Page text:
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Gold Gulch was the largest funfair concession built for visitors at the California Pacific International Exposition, a World's Fair that was open from 1935 to 1936, in San Diego, Southern California, United States. Gold Gulch was a section celebrating the California Gold Rush and the American Old West.
Gold Gulch, located within the World's Fairgrounds in Balboa Park, was a 21-acre (0.085 km2) Old West mining town-ghost town re-creation for fairgoers to experience the atmosphere of a mining boomtown. Gold Gulch was described in the Exposition Guide Book as "a moviefied" version of riproaring '49 days.
Gold Gulch occupied the canyon between the 'Casa de Balboa' and 'Pepper Grove,' southeast of the Spreckles Organ Pavilion. It was composed of a dance hall and a music hall, rustic unpainted shacks, a brick bank with iron-barred windows, a "Chinese restaurant and laundry," and a Hanging tree with 'dummy' hanging. Barkers lured visitors to a "shooting gallery" where a visiting "sharpshooter" hitting the bull's eye put all the lights out in the Gulch. An "Indian Village" was nearby, with trading posts and events.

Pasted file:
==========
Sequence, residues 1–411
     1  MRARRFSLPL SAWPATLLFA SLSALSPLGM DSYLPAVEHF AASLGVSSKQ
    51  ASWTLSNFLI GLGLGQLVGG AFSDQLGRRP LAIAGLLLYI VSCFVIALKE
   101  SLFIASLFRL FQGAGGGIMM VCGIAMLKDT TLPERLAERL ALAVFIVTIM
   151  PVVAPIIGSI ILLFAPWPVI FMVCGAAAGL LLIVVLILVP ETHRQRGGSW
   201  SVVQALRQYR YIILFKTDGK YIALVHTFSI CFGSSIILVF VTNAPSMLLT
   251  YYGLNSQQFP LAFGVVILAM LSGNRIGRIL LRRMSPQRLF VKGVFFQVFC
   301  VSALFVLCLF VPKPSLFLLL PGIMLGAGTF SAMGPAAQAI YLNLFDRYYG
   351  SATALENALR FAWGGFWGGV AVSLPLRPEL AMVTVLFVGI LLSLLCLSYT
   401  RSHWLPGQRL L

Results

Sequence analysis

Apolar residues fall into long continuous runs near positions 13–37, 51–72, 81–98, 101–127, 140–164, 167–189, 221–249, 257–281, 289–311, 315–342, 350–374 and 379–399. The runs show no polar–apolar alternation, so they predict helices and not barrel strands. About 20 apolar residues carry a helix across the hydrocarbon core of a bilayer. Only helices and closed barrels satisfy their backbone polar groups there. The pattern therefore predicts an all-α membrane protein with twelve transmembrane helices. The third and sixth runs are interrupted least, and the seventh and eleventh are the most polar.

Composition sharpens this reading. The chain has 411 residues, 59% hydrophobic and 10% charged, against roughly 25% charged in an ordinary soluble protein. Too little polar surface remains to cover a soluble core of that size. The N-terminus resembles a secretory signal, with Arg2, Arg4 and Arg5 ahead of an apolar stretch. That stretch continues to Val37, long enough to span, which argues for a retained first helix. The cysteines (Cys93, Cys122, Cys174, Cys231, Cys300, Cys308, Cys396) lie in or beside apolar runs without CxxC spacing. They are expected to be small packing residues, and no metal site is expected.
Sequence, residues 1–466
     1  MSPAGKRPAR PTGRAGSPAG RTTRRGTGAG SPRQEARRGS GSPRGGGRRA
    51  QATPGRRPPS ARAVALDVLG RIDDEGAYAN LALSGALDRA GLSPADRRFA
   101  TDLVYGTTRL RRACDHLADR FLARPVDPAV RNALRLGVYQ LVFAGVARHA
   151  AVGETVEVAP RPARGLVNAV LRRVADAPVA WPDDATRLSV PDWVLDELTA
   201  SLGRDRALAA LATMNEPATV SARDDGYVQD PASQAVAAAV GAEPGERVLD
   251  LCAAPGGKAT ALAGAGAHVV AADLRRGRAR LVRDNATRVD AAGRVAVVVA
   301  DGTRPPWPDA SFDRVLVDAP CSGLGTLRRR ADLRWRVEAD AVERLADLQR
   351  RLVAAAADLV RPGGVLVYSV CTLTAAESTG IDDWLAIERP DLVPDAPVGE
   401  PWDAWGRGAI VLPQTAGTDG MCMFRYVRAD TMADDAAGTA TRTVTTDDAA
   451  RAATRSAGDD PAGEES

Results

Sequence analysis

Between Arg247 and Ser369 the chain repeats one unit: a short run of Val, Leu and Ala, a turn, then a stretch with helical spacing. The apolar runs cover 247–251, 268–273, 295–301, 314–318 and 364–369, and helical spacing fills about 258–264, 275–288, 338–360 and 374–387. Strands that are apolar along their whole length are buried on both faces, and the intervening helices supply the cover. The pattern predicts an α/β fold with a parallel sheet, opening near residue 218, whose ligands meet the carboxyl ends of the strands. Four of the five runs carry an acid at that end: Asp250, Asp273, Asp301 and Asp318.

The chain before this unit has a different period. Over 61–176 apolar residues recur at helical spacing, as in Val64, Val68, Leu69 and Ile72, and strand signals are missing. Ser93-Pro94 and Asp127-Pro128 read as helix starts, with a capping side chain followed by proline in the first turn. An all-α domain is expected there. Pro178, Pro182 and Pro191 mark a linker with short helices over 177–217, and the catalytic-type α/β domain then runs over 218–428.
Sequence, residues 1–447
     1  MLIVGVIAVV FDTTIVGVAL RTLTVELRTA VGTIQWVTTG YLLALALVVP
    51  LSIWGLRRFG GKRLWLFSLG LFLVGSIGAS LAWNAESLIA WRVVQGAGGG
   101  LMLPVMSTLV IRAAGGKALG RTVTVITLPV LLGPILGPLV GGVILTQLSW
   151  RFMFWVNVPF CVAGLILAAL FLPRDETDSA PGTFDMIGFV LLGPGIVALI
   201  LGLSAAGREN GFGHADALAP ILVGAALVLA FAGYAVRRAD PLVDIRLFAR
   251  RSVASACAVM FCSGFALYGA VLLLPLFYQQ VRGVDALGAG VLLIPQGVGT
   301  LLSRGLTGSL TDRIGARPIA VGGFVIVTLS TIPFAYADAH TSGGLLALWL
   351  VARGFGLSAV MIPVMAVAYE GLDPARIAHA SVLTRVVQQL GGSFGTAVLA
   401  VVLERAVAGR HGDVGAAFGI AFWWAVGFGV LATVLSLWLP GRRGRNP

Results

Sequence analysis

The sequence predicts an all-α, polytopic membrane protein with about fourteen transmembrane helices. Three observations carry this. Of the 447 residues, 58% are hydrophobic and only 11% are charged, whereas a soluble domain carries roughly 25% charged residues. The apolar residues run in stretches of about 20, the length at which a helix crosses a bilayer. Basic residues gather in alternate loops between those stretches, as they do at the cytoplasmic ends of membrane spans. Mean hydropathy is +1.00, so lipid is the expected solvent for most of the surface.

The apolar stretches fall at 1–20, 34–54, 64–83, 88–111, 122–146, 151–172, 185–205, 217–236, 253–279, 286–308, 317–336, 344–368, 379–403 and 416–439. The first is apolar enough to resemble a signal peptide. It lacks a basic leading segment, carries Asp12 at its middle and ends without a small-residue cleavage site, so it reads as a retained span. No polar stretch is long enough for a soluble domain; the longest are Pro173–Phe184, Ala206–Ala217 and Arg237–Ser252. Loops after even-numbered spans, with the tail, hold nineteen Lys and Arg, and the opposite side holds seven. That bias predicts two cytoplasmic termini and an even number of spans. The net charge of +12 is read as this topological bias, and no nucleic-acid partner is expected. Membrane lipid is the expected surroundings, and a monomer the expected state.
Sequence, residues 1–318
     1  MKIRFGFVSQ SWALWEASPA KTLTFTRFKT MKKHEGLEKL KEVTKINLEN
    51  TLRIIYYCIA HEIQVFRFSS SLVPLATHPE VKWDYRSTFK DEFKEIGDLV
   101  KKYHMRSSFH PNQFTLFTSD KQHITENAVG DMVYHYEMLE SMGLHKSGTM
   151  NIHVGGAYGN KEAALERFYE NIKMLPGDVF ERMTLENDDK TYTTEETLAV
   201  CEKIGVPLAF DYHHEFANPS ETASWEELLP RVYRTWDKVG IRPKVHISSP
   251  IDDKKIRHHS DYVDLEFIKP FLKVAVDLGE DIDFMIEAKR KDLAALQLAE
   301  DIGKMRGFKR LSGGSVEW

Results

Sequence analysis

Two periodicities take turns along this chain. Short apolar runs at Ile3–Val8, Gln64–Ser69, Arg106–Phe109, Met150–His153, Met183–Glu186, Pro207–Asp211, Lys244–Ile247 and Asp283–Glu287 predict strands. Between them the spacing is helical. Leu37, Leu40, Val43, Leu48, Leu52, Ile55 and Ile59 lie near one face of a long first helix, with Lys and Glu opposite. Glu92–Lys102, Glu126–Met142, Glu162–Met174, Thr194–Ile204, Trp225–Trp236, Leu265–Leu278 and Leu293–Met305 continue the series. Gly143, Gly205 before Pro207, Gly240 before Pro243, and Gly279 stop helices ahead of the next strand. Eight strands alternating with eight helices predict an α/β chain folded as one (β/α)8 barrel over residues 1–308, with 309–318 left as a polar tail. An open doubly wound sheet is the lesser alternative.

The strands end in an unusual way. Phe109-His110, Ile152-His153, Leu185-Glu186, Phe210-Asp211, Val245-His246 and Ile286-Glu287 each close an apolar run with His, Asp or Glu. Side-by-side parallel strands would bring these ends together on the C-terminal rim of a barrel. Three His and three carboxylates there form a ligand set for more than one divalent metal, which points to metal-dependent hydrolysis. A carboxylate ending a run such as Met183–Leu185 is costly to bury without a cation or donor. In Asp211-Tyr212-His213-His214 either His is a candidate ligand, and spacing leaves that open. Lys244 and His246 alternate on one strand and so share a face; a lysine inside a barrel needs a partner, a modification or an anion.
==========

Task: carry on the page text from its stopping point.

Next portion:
Gold Gulch charged no admission, but its shops and attractions did. "One could have coffee in a tin cup, beer 'by the scupper,' badges and rings made from horseshoe nails by the blacksmith, and have a photograph taken with fake beard, six shooter gun prop, a ten gallon cowboy hat on a mine-pack burro." 
The popularity and aesthetic accomplishments of Gold Gulch inspired and influenced subsequent Western theme parks and their "frontier village" attractions. Examples include the Calico Ghost Town restoration and the "Ghost Town" section of Knott's Berry Farm by Walter Knott, and Frontierland by Walt Disney.
- Ghost town
- Gold prospecting
- Gold Rush
- "History of San Diego County" - Carl H. Heilbron, ed. - San Diego, 1936.
- "History of San Diego" - by William E. Smythe - online book 're-issue'